In this small Irish city in the Rockies, the monuments to the men who built her are buried underground in condemned mine shafts, swallowed by the very earth they tried to hold open. And 3,500 feet above the city stands a saint full of names, like echoes, of women now gone. Her lips, three feet wide, could swallow you like the Orphan Girl mine, but they’re sealed in a closed smile. Her hands are open, palms up. Eight feet in length, they’re long enough for any human to lie there awhile—if you can find a way up. I don’t know if you can. I left without trying, weary of seeking the hidden paths.
I studied archives, looked at maps of mines, bookkeeping records, accident reports. Overwhelmed with all these scraps of information, I did nothing. I saved the photographs, my scrawled notes, and a postcard of men lighting fuses far below the surface of the earth. I tucked them away in a cigar box I bought for a quarter.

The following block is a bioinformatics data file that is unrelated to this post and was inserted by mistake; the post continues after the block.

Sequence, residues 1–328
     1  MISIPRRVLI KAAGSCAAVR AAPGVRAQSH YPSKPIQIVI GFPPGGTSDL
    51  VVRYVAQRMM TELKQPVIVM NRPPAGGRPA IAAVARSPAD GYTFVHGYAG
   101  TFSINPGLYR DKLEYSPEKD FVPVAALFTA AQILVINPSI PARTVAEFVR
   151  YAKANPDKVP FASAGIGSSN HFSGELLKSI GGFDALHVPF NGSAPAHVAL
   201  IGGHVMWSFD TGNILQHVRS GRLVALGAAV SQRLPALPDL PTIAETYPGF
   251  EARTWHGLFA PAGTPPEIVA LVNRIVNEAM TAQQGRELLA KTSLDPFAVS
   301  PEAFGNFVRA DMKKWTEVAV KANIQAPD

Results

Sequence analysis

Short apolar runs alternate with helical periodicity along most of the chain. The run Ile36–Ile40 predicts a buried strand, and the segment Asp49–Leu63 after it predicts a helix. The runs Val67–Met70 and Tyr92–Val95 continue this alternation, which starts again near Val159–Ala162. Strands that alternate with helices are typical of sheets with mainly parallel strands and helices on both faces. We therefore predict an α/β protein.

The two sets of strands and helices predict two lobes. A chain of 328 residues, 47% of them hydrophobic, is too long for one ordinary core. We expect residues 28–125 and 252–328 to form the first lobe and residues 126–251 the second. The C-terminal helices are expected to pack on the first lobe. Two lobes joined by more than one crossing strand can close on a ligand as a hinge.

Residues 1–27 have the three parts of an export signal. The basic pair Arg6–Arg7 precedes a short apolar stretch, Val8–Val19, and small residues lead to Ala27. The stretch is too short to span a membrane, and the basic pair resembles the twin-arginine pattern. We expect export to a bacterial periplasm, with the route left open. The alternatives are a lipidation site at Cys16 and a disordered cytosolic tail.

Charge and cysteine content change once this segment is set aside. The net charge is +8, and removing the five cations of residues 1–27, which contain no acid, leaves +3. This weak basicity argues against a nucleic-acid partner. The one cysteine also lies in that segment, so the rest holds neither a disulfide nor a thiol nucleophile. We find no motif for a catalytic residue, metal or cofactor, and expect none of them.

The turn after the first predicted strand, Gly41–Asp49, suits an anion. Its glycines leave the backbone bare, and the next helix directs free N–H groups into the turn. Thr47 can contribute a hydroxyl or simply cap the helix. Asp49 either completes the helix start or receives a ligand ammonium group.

My grandmother wasn’t in the nursing home a month before she claimed my grandfather had a mistress. We felt sorry for her. We felt sorry for him. How difficult this transition must be. She wanted to divorce him. To, finally, be free. We asked the doctor to adjust her medications. (We only wanted her to be happier.) By the time my mother found the housekeeper’s love note, it was too late. He wasn’t about to split his assets with a woman who couldn’t even get out of bed on her own. Besides, all that medication? Who would believe she was in her right mind?
Heavy metals like mercury, copper, and lead have been linked to neurological disorders like Parkinson’s, a disease that slowly locks the body, sealing you inside. But really, it’s impossible to know which environmental factors poison us first.
Finally I left the man who called me selfish and crazy, around whom important documents disappeared, like my credit cards, passport, last will and testament, driver’s license, birth certificate. When I wondered if I really was crazy, he returned the credit cards a week later, claiming he’d found the baby playing with them. I accepted that, the likelier truth impossible to digest. And if I couldn’t believe the truth, who else would? This man was cool and popular and charming. Like my grandfather.